The need for emergency pick up orders can be brought about for various reasons. A couple of the most common reasons I’ve encountered in my practice as a Jacksonville family lawyer are appropriate to set the stage. Families made up fathers, mothers, and children where the parents were never married are common. When these families split, there are less issues to address than in an actual marriage, but the most important issue still remains– the children and how time will be split between the parents while continuing to raise them together. Under Florida law, the mother is the natural guardian of a child born out of wedlock. A father’s signature on a birth certificate creates a legal presumption that the father is, in fact, the father, but does not give automatic rights to the father for visitation. Visitation rights, referred to as “time sharing” must be established by the court with a parenting plan approved by the court.
I have found that most couples split without going to the court and filing paternity actions so a parenting plan can be established. They attempt to sort out visitation without family lawyers and without judges. This can work, but there are issues that can become thorns for the parents. Two common issues I encounter as a Jacksonville family lawyer are: (1) one parent refuses to send a child back after the child has been with the other for time sharing; and (2) one parent believes that the child is in some sort of danger while in the care of the other parent and wants the court to help reclaim possession of the child. Of course, these issues can arise even when a parenting plan has already been put in place, but resolving the issues is easier when there is an established case and a parenting plan in effect. Note that there are different variations of scenarios that include couples that were once married and couples that were never married; however, the general principles are the same.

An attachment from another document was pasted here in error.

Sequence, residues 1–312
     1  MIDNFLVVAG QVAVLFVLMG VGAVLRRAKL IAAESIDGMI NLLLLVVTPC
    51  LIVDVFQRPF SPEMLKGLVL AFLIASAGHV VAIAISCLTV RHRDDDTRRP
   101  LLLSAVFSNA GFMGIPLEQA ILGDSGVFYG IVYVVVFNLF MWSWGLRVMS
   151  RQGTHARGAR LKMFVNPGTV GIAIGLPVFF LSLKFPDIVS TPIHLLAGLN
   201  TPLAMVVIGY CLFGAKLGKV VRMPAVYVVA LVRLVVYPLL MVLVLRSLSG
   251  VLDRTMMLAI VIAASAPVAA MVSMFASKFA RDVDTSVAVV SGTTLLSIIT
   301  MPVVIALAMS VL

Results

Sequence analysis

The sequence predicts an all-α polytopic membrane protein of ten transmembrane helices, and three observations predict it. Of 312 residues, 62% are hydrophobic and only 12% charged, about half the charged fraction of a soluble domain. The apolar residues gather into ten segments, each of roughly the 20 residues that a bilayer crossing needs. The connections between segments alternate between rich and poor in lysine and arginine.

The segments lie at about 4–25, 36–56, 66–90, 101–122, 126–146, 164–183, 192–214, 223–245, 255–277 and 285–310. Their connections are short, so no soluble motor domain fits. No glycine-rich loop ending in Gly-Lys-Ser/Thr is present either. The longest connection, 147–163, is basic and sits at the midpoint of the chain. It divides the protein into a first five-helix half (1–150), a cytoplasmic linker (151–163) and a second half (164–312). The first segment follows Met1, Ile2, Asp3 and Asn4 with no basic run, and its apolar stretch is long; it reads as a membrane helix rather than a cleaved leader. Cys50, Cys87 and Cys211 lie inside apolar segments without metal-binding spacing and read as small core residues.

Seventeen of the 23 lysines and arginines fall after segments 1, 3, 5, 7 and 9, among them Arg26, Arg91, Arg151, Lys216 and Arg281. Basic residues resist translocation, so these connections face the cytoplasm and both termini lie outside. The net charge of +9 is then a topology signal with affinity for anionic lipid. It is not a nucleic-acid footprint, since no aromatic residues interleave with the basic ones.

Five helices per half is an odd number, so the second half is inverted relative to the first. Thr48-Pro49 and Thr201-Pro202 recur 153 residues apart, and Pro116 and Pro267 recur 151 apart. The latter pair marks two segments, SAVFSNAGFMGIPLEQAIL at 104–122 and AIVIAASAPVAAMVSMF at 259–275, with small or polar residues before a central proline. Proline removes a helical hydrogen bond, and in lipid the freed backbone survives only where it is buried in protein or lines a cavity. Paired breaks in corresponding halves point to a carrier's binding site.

For example, when a child has not been returned to the mother after a weekend visit with his father, what are the mother’s options for reclaiming her child? Or, what can a parent do to have his or her child quickly removed from a bad situation with the other parent that has placed the child in danger? The first step would be to file a motion for an emergency pickup order. Emergency pick up orders to claim or reclaim possession of a child are reserved for just a few instances. Before a judge will sign an emergency pickup order, there must be an incredibly pressing matter at hand. Typically, there are emergency pickup orders granted in situations where there will be “blood in the streets” if the court doesn’t act immediately. In these instances, a child must be in danger of facing imminent harm, unless the court acts to remove the child from the current custody of the party that may endanger the child. The other circumstance where an emergency pick up order is appropriate is where a parent that is supposed to have possession or custody of a child has been blocked or prohibited in some sort of way from exercising time sharing. In the instance of unmarried parents, the mother is the natural guardian of a child under Florida law. She has rights to custody that are above the father or anyone else, unless a judge says otherwise in some sort of judicial proceeding. In this scenario, the court will enter an emergency pick up orders, as appropriate.
For more information on emergency pick up orders, contact the Law Office of David M. Goldman, PLLC today for a free initial consultation.